Five facts about the growth of the World Wide Web
This information was liberated from a Web page called (appropriately) "Wow, It's Big!"
by Matthew Gray (email@example.com).
- The total amount of Web usage that crossed the NSFnet backbone in 1992 was about
500 megabytes. That's a lot of data- -about 500,000 pages of text or 1,000 fairly large images.
Though, on physical disk, I can easily carry that much information in one hand.
Remember, this only counts data that goes over the NSFnet. Lots of other data never hits
the backbone so doesn't get counted in this figure.
- The total usage for the three month period of January through March 1993
is about 5 gigabytes. That's 10 times as much as all of 1992. That's quite a lot of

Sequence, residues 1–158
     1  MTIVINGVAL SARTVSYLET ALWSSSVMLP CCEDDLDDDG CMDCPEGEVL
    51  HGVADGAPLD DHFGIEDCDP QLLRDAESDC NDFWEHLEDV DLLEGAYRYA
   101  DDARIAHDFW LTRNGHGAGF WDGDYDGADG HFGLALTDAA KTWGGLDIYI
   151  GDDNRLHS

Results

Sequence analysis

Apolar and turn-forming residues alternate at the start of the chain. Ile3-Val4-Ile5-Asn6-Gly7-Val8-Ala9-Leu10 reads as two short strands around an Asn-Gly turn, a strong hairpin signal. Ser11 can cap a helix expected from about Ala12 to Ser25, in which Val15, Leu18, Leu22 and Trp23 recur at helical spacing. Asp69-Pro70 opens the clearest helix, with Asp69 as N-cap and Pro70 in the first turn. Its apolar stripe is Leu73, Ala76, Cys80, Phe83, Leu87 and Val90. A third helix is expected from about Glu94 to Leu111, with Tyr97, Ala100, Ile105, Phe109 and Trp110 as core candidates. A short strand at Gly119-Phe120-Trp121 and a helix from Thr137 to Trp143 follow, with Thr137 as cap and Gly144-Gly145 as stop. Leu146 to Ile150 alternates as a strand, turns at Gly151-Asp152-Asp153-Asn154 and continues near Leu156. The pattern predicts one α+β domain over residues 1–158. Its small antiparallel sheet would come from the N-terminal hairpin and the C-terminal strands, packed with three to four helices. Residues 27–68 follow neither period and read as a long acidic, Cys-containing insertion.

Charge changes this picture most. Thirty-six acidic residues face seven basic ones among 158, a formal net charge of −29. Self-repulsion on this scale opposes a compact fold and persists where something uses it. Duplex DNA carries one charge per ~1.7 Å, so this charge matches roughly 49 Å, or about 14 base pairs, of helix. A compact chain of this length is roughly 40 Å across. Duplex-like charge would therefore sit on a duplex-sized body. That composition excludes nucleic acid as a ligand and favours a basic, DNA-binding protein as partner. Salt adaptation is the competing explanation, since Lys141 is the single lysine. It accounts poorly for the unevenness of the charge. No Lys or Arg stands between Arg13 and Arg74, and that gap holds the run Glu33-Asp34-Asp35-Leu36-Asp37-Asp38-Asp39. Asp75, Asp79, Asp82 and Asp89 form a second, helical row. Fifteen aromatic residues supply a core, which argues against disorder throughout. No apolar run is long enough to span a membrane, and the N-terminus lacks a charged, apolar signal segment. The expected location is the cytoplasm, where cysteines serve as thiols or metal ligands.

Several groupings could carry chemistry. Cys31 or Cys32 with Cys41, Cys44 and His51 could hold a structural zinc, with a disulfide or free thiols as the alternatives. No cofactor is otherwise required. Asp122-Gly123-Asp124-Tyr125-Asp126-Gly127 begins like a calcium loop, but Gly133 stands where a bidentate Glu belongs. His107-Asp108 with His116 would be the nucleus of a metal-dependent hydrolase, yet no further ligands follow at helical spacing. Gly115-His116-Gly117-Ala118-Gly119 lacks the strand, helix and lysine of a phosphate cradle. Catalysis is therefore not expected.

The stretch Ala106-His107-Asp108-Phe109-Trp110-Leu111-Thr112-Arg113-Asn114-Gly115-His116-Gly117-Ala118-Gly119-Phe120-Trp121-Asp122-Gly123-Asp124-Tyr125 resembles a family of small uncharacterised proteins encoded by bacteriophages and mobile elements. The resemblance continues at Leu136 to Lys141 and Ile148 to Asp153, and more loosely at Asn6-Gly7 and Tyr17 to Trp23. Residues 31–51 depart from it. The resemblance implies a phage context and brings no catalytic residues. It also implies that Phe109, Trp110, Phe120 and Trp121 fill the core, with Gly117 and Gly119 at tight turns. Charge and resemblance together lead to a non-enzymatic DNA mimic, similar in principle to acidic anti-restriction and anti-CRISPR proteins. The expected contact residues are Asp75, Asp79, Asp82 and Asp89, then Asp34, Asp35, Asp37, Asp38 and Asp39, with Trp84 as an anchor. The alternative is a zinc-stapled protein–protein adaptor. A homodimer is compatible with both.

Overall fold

physical disk space. I could probably still carry it with one arm, though that may be pushing it.
- The total for one day in February 1994 is approximately 10 gigabytes. Wow. One day.
I don't want to think about it. The amount of Web data that went over the backbone in February
1994 was 347 gigabytes. That's so much that if you really try and conceive of how big it is,
your brain will coredump and you'll be fsck'ing childhood memories for hours. Don't think about it.
- A conservative estimate of Web growth weighs in at about 1% per day.
- To see how big the Web is today, see http://web.mit.edu/afs/sipb/user/mkgray/ht/wow-its-big.html
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Copyright © 1994, 1995, 2004 by Kevin Savetz. The information in this book was collected in 1994-1995 and has not been updated since.